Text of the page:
Symphony No. 20 in D major, K. 133, was composed by Wolfgang Amadeus Mozart in July, 1772, when Mozart was sixteen years old. This symphony is one of many written during the period Mozart stayed in Salzburg, between two trips to Italy.
Compared to other symphonies Mozart wrote in this period, the scoring is extravagant, featuring two trumpets in addition to the standard oboes, horns, and strings. The key of D major, which is a key often reserved for triumphant or pompous music, is well suited to the presence of these trumpets.
The symphony has four movements: Allegro, Andante, Menuetto (Trio)
Though Mozart himself did not label the tempo of the fourth movement, it can be safely assumed by the character of the piece and the standard symphonic form of the time that Mozart intended the piece to go at an “allegro” tempo.
The first movement, in D major, is written in sonata-allegro form, with a twist. It uses a trick which Mozart used sparingly, but very effectively, during his career. The recapitulation is the mirror image of the exposition. That is, the recapitulation starts with the second theme, and Mozart waits until the very end to unveil the return of the first theme. He does so to great effect, first bringing the theme in softly with the strings, and then once again, gloriously doubled by the trumpets. This movement is full of grand flourishes, trills, and tutti chords; that is, it is filled with the pomp one would expect of an 18th century allegro symphony movement with trumpets.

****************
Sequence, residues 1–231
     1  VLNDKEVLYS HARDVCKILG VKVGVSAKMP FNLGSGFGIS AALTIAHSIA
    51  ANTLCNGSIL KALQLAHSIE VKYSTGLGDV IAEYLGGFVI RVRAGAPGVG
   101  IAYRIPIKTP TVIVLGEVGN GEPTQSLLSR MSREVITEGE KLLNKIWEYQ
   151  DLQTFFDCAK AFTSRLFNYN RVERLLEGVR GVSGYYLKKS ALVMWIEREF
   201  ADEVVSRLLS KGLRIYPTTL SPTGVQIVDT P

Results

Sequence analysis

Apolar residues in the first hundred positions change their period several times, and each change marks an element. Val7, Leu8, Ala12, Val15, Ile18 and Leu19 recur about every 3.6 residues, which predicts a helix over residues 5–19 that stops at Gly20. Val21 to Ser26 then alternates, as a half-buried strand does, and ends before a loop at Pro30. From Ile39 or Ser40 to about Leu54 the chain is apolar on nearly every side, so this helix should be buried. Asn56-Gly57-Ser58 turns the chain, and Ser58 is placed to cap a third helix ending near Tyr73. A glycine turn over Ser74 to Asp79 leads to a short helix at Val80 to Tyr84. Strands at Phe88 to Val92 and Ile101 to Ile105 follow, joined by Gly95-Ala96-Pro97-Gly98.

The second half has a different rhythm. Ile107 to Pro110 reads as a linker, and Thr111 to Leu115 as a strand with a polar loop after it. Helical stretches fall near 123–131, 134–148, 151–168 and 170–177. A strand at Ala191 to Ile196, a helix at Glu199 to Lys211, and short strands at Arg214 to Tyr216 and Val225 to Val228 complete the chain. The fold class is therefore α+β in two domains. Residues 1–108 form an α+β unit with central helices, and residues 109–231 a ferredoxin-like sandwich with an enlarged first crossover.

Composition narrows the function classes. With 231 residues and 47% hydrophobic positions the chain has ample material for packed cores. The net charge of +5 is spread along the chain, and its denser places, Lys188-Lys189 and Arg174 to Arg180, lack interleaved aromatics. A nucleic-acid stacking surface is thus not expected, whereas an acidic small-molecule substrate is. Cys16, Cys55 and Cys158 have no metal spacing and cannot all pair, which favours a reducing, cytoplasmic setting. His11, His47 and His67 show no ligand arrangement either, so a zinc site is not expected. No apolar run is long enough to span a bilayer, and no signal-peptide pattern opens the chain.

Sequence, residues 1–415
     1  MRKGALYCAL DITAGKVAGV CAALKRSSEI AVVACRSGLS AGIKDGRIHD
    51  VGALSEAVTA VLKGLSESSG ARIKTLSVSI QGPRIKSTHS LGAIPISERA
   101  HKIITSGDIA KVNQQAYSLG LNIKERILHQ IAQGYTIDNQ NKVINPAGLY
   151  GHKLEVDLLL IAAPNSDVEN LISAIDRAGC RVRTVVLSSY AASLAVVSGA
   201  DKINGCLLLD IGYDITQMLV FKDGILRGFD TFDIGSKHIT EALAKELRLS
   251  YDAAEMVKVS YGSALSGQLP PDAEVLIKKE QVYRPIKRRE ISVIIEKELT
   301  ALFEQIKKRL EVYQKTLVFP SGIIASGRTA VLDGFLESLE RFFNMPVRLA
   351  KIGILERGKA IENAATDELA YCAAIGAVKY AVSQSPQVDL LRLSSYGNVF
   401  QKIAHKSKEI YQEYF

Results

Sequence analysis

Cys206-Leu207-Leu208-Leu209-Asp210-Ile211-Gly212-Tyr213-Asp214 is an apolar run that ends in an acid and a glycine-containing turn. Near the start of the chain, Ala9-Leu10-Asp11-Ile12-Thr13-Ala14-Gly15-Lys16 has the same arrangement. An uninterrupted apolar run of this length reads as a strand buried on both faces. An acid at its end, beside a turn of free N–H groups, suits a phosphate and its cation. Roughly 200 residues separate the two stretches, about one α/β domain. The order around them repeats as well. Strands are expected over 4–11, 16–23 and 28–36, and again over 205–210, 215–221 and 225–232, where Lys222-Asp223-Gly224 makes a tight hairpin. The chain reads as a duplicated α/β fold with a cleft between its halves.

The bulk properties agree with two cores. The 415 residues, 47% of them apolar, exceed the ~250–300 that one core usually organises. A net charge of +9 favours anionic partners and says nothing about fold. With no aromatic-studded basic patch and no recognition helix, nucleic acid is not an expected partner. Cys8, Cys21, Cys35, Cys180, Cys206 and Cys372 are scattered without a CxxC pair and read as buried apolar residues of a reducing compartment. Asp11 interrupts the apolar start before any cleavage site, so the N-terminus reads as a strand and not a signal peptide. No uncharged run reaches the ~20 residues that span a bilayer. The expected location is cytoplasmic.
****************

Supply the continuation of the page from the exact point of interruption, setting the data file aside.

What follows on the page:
The second movement, in A major, features strings with a solo flute, which typically doubles the first violin one octave higher. The violins play with mutes throughout the movement, and the bass part is played pizzicato. These features, in combination, give the movement a delicately thin texture that allows a beautiful melody to develop.
The third movement is a triumphant minuet in D major, featuring a more subdued trio written primarily for strings (with a bit of oboe).
The fourth movement, also in D major, is a long dance in 12/8 time cast in sonata-allegro form.